What Can Cause a False Positive for Methadone

Methadone is an opioid (narcotic) drug that is used to relieve pain, and to help decrease and manage the withdrawal symptoms of other opioids, such as heroin. Methadone works through binding to the same receptors in the brain, through which other opioids affect, including μ (mu) and k (kappa) receptors.

That’s why Methadone is used as a substituent to help people get rid of addiction to other opioids. Also, that’s why Methadone is amongst the commonly-abused and misused for recreational purposes.

What Can Cause a False Positive

  • Quetiapine-containing drugs, such as Seroquel
  • Thioridazine- containing drugs, such as Thorazine
  • Doxylamine-containing drugs, such as Unisom
  • Verapamil-containing drugs, such as Calan
  • Chlorpromazine-containing anti-psychotics, such as Thorazine
  • Clomipramine-containing drugs, such as Anafranil
  • Diphenhydramine-containing drugs, such as Allergy Relief, Allermax, Banophen, Benadryl, Compoz Nighttime Sleep Aid, Diphedryl, Diphenhist, Dytuss, Nytol QuickCaps, Q-Dryl, Quenalin, Scot-Tussin Allergy Relief Formula, Simply Sleep, Sleepinal, Sominex, Tranquil, Twilite, Unisom Sleepgels Maximum Strength, Valu-Dryl, Vanamine PD, Z-Sleep and ZzzQuil

Why do those drugs cause a false positive

The majority of drug tests detect Methadone in the system through certain types of assays, which sometimes are not able to specifically detect Methadone. Instead, those tests work, depending on a structure-based technique that detects not only Methadone-containing drugs, or Methadone metabolites; but also all drugs having structures similar to those of Methadone and Methadone’s metabolites, causing a false positive for Methadone.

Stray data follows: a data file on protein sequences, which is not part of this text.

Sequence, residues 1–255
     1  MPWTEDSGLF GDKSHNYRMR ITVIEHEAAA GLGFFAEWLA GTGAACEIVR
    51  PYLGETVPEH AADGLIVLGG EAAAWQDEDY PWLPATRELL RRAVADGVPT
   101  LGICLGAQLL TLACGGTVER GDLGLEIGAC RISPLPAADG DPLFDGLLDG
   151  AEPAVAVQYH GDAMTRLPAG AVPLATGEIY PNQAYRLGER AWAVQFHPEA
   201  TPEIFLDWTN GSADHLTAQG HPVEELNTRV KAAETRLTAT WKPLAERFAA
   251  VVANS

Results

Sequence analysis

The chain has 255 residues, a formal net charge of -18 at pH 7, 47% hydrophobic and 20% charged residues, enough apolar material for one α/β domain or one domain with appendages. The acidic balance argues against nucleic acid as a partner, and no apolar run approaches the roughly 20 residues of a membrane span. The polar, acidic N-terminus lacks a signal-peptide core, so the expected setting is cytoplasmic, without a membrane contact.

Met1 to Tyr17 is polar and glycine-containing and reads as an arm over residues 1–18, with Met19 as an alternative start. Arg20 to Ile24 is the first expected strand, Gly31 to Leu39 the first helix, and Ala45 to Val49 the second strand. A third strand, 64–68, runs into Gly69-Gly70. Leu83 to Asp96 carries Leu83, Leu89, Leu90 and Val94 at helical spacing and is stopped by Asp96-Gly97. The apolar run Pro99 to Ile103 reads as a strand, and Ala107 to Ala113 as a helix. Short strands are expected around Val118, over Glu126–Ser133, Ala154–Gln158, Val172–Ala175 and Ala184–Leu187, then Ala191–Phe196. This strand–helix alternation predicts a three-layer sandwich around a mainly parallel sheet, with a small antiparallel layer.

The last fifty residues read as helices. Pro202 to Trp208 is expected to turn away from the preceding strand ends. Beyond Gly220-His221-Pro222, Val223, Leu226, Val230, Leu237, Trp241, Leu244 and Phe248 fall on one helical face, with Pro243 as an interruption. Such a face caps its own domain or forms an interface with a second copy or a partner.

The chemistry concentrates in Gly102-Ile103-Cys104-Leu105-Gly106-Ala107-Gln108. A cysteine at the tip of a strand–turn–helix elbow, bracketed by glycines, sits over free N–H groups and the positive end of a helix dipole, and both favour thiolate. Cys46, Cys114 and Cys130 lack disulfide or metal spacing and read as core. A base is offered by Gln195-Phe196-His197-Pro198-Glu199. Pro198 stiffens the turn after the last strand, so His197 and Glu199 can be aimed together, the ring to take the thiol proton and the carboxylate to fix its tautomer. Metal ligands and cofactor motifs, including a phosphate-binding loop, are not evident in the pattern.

Factors That Affect False Positive for Methadone

As long as those drugs or their metabolites are still in your system, they are likely to cause a false positive for methadone.

Importantly, other factors can significantly affect the false positive results of Methadone’s tests. Those factors differ from a person to another, including:

  • your age
  • your body mass
  • The administered dosage. For example, in case you administer an overdose of any of the previously-mentioned drugs, it will undoubtedly take your system a long time to be cleared.
  • Whether you’re a light or a chronic user of the previous drugs.
  • Your metabolic rate of drugs, which determines how quickly your body can get rid of those drugs. Your metabolic rate depends mainly on how much your liver and kidneys are functioning properly.
  • The type of tests you are required to undergo, as well as the time the test is performed. Each test has a certain time frame to detect certain drugs.

References

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